As you can tell, in terms of user interface I didn’t really have any issues with the G1. Part of this is because I used it in landscape with the keyboard out so much. So if for example I clicked on a field that needed text, the keyboard was already open and I was immediately typing away. Or if a call to action was ever required where it didn’t seem like a tap or swipe would do the trick, my BlackBerry instinct had me immediately on the trackball. I STRONGLY ENCOURAGE YOU to head over to TheiPhoneBlog and check out Rene’s review on the G1. He gripes about quite a few UI failures, and I can see his point – yet I didn’t really experience them. Could be that it’s easier to transition from a BlackBerry to a G1 than from an iPhone 3G to G1.

Android Applications

Android is all about the developer and the applications they build. I think that's one of the reasons why the G1's hardware is so lackluster - Google wanted to ensure the focus remained on the Android platform after the launch of the first Google phone and not have people get fixated on the device itself. The G1's hardware is simply a picture frame for what's on the display.

Email - The G1 features two email clients, one for push Gmail and another where you can add additional email accounts (not push). Since my email routes through Gmail, that's the client I stuck with. The Gmail client is nice, but the user experience for me proved to be way to slow when taking into account the number of emails I typically chug through in a day. The Gmail client really is Gmail gone mobile. Basically everything remains intact. You can add/remove stars, set labels and view inbox by labels, search your Gmail and conversations remain threaded. It's a nice app.

I loved the functionality and look of the app, but in practice I found it a bit too slow for my liking. My first issue was actually with getting email. Though I've been told this is push Gmail, I was never able to get the push to work very good. Maybe it's because I was on Rogers, or maybe I missed something, but without fail emails took a full two minutes longer to arrive on the G1 than on my BlackBerry. I tested it. I have my G1, Storm and Curve 8900 all hooked up to my main Gmail account. I'd open my Hotmail account (not tied to any devices) and send an email to my Gmail. It would take about 30 seconds for it to show up on my computer Gmail - typically the BlackBerrys would have it at the same moment it showed up on the computer or even a bit sooner and then on the stopwatch it would take two minutes before the email showed up on the G1. I'm hoping somebody in the comments tells me I was doing something wrong, because if this was G1 push then it simply wasn't pushy enough for me. My other issue was simply in using the app quickly. You all know how BlackBerry email is - you can turn on your BlackBerry when an airplane plans, have 100 emails pour in, and have gone through them and replied to the important ones before you even finish walking to baggage claim. I just can't do that with the G1.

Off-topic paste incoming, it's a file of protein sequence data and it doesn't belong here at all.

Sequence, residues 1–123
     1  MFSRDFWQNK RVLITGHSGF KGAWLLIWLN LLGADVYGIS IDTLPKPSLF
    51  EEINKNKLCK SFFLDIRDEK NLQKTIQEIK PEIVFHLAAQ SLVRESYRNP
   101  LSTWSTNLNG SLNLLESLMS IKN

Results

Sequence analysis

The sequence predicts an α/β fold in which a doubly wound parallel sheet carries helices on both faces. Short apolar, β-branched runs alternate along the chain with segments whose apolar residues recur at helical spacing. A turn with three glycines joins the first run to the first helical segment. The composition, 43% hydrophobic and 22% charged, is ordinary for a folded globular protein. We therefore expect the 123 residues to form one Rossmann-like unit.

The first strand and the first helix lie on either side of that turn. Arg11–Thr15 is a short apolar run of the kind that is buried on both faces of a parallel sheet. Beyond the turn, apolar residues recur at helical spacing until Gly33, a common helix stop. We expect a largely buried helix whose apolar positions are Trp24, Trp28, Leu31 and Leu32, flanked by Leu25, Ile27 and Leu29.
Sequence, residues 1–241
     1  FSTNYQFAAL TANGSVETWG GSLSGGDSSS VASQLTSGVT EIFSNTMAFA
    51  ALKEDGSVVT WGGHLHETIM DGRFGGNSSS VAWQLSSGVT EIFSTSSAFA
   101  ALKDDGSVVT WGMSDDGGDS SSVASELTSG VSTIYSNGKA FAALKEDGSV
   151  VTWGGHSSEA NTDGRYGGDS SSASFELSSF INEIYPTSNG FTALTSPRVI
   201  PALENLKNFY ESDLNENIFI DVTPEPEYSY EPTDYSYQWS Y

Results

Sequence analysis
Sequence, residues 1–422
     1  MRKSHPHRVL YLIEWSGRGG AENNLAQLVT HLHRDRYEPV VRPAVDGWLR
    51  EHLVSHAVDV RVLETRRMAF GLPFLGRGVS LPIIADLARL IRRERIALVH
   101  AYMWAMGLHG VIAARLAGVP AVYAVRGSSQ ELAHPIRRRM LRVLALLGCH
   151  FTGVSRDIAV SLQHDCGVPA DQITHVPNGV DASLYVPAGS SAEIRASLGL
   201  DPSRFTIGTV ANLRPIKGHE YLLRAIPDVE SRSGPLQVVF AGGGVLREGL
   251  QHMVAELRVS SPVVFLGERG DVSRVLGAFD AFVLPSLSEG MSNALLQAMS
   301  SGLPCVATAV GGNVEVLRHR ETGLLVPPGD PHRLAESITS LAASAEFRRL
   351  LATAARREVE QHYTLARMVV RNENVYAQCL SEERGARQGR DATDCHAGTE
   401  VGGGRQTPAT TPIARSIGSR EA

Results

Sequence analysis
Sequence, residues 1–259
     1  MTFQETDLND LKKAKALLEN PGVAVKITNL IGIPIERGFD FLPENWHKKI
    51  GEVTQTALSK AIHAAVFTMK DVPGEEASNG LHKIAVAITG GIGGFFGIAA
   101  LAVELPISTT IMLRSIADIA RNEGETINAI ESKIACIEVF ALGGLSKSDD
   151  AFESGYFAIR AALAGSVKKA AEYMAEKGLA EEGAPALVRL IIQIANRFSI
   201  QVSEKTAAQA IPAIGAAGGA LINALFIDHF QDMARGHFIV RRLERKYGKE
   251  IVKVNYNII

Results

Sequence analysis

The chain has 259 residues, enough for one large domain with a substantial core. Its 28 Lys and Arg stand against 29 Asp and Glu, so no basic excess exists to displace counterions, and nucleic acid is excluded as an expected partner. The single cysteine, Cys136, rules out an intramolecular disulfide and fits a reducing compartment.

The G1's Gmail application does a great job of copying the full Gmail experience - stars, labels, threaded conversations. Gmail definitely wasn't PUSH over EDGE. Emails were two minutes delayed over the BlackBerry.
Gmail app looks great, but I could never quite get my emails up to speed.

** BlackBerry News Update: For those of you who have read this far, now seems to be a good time to work in some Exclusive info that I haven't seen posted elsewhere yet. Coming from RIM's BIS Roadmap, the good news for Gmail user is that a major update is scoped under BIS 2.7 (target launch in July 2009) that will bring a Desktop like Gmail user experience to the BlackBerry. It will be a Gmail client, with a Gmail icon and the proposed functionality includes Starring, Labelling, Contacts sync, Calendar sync and search. So BlackBerry users, stay tuned for a much improved Gmail experience! ***